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If it's true that only piffling tournaments need puffed-up titles, the ACB's second shot at midwinter cricket was always in trouble. The Tower Super Challenge II was partly redeemed by two gripping matches between the world's most exciting one-day teams - Australia and Pakistan. But, as the mercury plunged, dropping below 2°C shortly after the second game, it remained unclear whether Melbourne's sports-mad public could be convinced that cricket, cocoa and woollies went easily together. Even in temperate Brisbane, where the third match was held, the reaction was lukewarm. The winter experiment began to look more and more like an attempt to shove yet more cricket down the public's throat.
There were certainly several gimmicks to try to convince the punters. Before the tournament, journalists devoted dozens of column inches to the "pace race" between Brett Lee and Shoaib Akhtar, who had been unofficially clocked at over 100mph in April. Tower, a financial services company, even promised one lucky ticket-holder (chosen at random) $A25,000 if a bowler broke the magical 100mph mark, or if a batsman scored a run-a-ball hundred. (As it turned out, their money was safe, especially as Lee and Shoaib played just three games between them.) And if the hullabaloo about the world's fastest bowler didn't get the fans salivating, the Melbourne matches still had some novelty value from being played indoors.
But the public stayed at home. The total attendance plummeted from more than 90,000 for the first glimpse of indoor cricket in 2000 to around 40,000 this time. Cricket under a roof had proved, well, pretty similar to cricket outside, only colder. One commentator went as far as calling midwinter cricket "an insanity that has outstayed its welcome".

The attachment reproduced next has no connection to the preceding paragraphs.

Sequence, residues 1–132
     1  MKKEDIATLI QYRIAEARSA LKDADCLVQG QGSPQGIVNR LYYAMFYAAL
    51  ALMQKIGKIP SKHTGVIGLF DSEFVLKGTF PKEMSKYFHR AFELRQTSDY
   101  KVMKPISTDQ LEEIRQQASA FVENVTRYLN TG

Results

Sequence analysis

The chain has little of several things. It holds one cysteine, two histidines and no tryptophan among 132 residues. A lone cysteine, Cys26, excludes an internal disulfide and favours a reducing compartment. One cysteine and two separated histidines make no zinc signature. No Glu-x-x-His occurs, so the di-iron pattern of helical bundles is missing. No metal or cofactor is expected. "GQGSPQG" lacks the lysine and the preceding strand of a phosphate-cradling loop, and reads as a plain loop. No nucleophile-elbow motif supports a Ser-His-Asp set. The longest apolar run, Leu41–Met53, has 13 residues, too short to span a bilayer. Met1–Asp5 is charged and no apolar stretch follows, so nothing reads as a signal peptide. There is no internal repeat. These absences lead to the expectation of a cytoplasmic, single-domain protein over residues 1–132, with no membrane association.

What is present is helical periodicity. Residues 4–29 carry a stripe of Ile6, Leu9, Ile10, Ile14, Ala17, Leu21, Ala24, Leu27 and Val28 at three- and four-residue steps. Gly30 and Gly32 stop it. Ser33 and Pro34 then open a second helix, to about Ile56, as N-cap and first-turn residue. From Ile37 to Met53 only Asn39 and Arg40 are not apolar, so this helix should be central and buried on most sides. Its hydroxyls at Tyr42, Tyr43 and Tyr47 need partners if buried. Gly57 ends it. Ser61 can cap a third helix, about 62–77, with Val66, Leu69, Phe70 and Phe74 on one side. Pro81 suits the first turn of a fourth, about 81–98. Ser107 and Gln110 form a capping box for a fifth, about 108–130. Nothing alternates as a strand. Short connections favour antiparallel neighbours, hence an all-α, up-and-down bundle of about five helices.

The tepid response was a shame, because a Pakistan team bursting with talent deserved better. After a clinical Australian win in the first match, Younis Khan kept his nerve to sneak a win in the second, before Pakistan, fired by Wasim Akram and Shoaib Akhtar, roared home in the decider.
The ball dominated the bat throughout, but seldom as thoroughly as when it was in Shoaib's hand. After missing the first match with a hip injury, then making an effective but subdued comeback in the second, he ripped the heart out of the Australian innings in the third. His five for 25 proved he was a match-winner rather than just a flamboyant sideshow. Wasim grabbed three big wickets in the second game, and his clean hitting changed the tone of the deciding match, while Shahid Afridi was Pakistan's most economical bowler but flapped - and flopped - with the bat.
Australia's batting fell far below expectations. They managed only two fifties and lost wickets in damaging bursts - two for nought and five for 29 in the second match, and five for 39 in the third. With the ball, Darren Lehmann's part-time twirlers, with four wickets and an economy rate of below three and a half, proved more effective than Lee's thunderbolts. Shane Watson went for more than five an over and did not yet look the answer at No. 7, but it was the batsmen who let the side down.
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